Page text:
What makes CF so revolutionary is that the properties of the material can be altered simply by layering the strands in different directions. This means if you have a component only in direct tension you can design for that stress. With steel, Ti and Aluminum you have fairly equivalant strength in each direction (tension is usually highest) that isn't really being used. With CF you can layer all the strands parallel to the direction of loading, giving the component very high tensile strength but very low shear and compressive, as well as torsional strength. This uses less material for the same strength and a completely customizable material. Not only that but Cf frames can be almost any shape imaginable; leaving plenty of room for aerodynamic frame designs.


That's all for now. I'll write more on Ti frames later. Also look for frame geometry info.

Forging is a process where a hot peice of extruded or cast metal is repeatadly smashed with huge force into shape. If you have ever seen one of those sweet old WW2 or industrial america videos of a factory where something red hot is being smashed by some huge machine, that's forging.

Forging gets the metal on the outside of the item stiffer and stronger than the metal deeper inside. This is especially useful for items under bending and torsional stresses which are highest at the outer most parts of the cross section. By forging something you are effectively making the material at the outside more resistant to the higher stresses it will see.

Last edited by Hocam; 03-22-07 at 08:39 AM.
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Old 03-20-07, 11:17 AM
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You should make a webpage. Forum threads are a very very very difficult way to look up information. Maybe you should add it to the 'fixiewiki' or whatever...
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Old 03-20-07, 11:18 AM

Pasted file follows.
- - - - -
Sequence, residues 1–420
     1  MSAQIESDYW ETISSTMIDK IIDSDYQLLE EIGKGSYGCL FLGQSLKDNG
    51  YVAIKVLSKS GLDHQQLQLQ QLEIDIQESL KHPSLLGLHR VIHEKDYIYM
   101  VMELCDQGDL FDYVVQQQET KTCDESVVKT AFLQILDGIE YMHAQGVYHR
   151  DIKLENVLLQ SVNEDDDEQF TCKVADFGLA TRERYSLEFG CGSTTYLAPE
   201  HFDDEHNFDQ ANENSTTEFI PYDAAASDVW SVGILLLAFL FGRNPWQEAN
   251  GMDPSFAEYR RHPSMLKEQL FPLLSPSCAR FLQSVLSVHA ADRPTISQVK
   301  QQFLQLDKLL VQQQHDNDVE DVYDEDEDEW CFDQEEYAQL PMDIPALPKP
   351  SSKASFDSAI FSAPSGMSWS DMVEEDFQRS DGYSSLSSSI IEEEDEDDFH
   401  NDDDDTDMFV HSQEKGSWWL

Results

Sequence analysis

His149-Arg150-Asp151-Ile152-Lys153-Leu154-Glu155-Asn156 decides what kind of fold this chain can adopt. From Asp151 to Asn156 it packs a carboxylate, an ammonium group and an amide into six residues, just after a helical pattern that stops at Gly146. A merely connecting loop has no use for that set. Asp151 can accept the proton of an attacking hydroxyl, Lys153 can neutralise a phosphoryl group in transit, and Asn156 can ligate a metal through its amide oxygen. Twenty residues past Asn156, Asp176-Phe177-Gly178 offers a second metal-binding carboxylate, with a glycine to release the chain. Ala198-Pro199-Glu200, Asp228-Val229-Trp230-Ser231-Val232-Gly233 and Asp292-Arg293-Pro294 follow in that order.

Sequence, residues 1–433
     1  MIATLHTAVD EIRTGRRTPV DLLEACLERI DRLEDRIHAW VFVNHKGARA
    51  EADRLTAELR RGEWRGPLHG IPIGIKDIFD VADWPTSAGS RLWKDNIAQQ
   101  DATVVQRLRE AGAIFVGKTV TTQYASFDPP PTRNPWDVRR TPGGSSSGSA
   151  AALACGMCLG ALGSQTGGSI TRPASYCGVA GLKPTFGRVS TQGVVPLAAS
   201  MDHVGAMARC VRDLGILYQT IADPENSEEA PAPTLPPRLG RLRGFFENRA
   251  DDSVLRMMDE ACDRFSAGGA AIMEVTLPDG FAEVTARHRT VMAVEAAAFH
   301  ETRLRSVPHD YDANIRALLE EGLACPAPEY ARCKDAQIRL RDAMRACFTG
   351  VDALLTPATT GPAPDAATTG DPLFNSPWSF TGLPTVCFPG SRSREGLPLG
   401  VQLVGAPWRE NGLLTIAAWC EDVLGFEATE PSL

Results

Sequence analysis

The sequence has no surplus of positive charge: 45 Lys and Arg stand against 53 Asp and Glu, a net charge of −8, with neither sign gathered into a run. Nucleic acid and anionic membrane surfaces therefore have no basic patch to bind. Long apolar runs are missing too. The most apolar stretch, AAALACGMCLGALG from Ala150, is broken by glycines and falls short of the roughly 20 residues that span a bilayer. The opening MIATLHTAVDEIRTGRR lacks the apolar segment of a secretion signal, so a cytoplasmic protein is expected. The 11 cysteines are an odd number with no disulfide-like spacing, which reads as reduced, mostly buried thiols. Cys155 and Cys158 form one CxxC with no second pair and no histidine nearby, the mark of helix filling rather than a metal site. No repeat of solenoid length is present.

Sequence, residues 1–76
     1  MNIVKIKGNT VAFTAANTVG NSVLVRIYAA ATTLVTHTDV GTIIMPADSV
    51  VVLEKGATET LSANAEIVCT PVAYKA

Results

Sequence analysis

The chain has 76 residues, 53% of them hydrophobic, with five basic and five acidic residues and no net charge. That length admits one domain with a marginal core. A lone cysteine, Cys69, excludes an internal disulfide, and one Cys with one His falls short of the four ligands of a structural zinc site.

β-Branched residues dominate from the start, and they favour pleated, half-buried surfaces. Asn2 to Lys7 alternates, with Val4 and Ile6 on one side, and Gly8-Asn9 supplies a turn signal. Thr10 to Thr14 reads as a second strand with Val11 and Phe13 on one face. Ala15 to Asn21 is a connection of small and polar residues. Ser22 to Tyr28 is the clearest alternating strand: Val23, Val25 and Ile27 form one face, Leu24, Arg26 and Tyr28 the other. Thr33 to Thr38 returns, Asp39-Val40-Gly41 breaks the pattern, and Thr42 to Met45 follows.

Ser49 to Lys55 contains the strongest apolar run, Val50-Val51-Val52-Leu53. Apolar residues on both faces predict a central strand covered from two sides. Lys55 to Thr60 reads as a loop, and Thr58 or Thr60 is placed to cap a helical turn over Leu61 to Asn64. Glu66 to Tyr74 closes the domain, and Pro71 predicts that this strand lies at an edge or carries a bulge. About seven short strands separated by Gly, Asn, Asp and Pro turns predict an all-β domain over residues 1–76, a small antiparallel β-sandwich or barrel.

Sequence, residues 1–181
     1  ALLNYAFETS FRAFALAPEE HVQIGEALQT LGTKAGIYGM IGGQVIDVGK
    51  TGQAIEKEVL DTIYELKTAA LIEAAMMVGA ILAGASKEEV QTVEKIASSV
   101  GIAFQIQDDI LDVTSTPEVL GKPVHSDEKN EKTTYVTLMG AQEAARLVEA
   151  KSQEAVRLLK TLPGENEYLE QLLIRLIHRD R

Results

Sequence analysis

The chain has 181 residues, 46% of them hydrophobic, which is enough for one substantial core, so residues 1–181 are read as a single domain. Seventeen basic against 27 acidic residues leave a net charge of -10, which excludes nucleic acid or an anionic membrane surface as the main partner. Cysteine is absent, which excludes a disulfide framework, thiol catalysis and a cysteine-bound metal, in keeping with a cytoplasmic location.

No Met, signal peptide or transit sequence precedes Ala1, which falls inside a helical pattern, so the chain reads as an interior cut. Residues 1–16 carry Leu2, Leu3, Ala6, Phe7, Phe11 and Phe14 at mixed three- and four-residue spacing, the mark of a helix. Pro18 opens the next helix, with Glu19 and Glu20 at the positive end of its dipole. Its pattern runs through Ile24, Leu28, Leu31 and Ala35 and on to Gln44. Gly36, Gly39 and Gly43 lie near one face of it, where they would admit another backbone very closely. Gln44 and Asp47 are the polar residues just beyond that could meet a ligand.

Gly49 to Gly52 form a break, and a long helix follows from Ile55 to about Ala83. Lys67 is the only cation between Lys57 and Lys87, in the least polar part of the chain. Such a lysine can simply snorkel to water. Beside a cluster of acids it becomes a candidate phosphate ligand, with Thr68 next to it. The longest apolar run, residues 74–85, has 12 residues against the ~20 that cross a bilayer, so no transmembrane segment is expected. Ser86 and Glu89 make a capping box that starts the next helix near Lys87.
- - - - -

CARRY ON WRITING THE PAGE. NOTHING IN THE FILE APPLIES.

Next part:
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you forgot bamboo titanium and wood
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Old 03-20-07, 11:24 AM
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Stuff you should know about bicycles:

They're fun. Ride safe. The rest is details.
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Old 03-20-07, 11:26 AM
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Stuff you should know about bicycles:
www.sheldonbrown.com
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Old 03-20-07, 11:48 AM
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Good bit of info there. Well done Hocam.

Yeah a web page would be good.

Sheldon has good stuff but can't do / write up everything. I think a good idea would be an extention to his site edited / veted by him with article / info from other pepole, like Hocam's little bit of info above it could be submitted and then Sheldon could vet it edit it talk to Hocan e.t.c like any editor would and add it to his site. This could allow good info to gain the exposure that Sheldon's site brings do to it's reputation and google rating plus it would allow it to expand but still giving Sheldon ultimate control and allowing people who have specialist knolage to fill in gaps. I think he would make a good editor as he has an good wrting style (to me anyhow). Don't get me wrong Sheldon know loads but he and no man can be an expert in all fields of bike related info / engineering / meteorology. Kind of make an enCYCLOpedia. (please shoot me)

I just think it would make a nice extension.
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Old 03-20-07, 12:23 PM
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Thanks, I have 0 in the way of webpage building but I'll send it to fixie wiki as well as keeping it here. If it grows enough to be a sticky on this forum that'd be great, but fixie wiki would be awesome too. I could try sheldon too.

Originally Posted by Dead Roman
you forgot bamboo titanium and wood
You're right, I did forget titanium. From what I've heard, wood and bamboo are usually facades on carbon fiber, but I'm not sure about it.

Also added more on steel and a small section on aluminum.

Last edited by Hocam; 03-20-07 at 12:47 PM.